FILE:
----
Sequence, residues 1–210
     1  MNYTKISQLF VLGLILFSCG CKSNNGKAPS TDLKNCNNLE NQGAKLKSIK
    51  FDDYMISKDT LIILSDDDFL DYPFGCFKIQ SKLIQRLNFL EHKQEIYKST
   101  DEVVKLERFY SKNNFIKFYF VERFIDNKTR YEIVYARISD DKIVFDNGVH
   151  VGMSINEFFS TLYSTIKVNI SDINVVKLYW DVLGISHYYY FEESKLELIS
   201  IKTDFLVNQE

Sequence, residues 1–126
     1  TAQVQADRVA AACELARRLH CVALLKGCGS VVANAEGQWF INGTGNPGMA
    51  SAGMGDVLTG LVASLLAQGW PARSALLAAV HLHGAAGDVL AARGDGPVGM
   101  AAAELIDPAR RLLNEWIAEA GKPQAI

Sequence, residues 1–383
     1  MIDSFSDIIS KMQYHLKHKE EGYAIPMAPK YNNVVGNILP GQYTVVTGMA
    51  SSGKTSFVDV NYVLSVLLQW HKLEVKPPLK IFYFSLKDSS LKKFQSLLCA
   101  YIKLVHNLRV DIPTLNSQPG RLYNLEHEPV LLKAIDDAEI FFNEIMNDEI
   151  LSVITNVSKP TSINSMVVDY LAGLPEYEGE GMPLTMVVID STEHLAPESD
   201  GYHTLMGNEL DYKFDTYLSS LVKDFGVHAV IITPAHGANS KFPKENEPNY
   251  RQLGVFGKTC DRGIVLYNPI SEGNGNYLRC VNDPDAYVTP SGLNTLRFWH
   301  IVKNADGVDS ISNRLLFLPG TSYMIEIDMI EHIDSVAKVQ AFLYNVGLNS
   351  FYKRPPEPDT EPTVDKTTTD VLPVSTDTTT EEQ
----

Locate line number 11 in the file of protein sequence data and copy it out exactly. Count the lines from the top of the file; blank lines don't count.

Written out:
Sequence, residues 1–383